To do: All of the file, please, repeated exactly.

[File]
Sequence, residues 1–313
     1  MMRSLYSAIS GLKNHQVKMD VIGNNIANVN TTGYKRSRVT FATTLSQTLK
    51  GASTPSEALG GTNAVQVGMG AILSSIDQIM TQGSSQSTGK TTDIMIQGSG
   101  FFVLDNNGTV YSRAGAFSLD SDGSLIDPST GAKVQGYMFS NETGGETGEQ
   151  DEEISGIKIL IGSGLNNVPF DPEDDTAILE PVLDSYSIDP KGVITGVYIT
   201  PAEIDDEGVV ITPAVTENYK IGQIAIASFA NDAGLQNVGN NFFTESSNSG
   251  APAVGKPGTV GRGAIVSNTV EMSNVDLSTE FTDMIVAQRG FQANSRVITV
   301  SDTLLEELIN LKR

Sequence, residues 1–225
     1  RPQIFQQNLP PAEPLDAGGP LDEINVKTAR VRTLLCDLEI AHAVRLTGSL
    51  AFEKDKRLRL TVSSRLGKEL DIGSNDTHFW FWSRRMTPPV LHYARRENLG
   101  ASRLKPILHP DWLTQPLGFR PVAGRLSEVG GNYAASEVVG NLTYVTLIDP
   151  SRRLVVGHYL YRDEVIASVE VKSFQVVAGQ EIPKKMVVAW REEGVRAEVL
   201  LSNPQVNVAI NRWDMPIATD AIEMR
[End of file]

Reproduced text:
Sequence, residues 1–313
     1  MMRSLYSAIS GLKNHQVKMD VIGNNIANVN TTGYKRSRVT FATTLSQTLK
    51  GASTPSEALG GTNAVQVGMG AILSSIDQIM TQGSSQSTGK TTDIMIQGSG
   101  FFVLDNNGTV YSRAGAFSLD SDGSLIDPST GAKVQGYMFS NETGGETGEQ
   151  DEEISGIKIL IGSGLNNVPF DPEDDTAILE PVLDSYSIDP KGVITGVYIT
   201  PAEIDDEGVV ITPAVTENYK IGQIAIASFA NDAGLQNVGN NFFTESSNSG
   251  APAVGKPGTV GRGAIVSNTV EMSNVDLSTE FTDMIVAQRG FQANSRVITV
   301  SDTLLEELIN LKR

Sequence, residues 1–225
     1  RPQIFQQNLP PAEPLDAGGP LDEINVKTAR VRTLLCDLEI AHAVRLTGSL
    51  AFEKDKRLRL TVSSRLGKEL DIGSNDTHFW FWSRRMTPPV LHYARRENLG
   101  ASRLKPILHP DWLTQPLGFR PVAGRLSEVG GNYAASEVVG NLTYVTLIDP
   151  SRRLVVGHYL YRDEVIASVE VKSFQVVAGQ EIPKKMVVAW REEGVRAEVL
   201  LSNPQVNVAI NRWDMPIATD AIEMR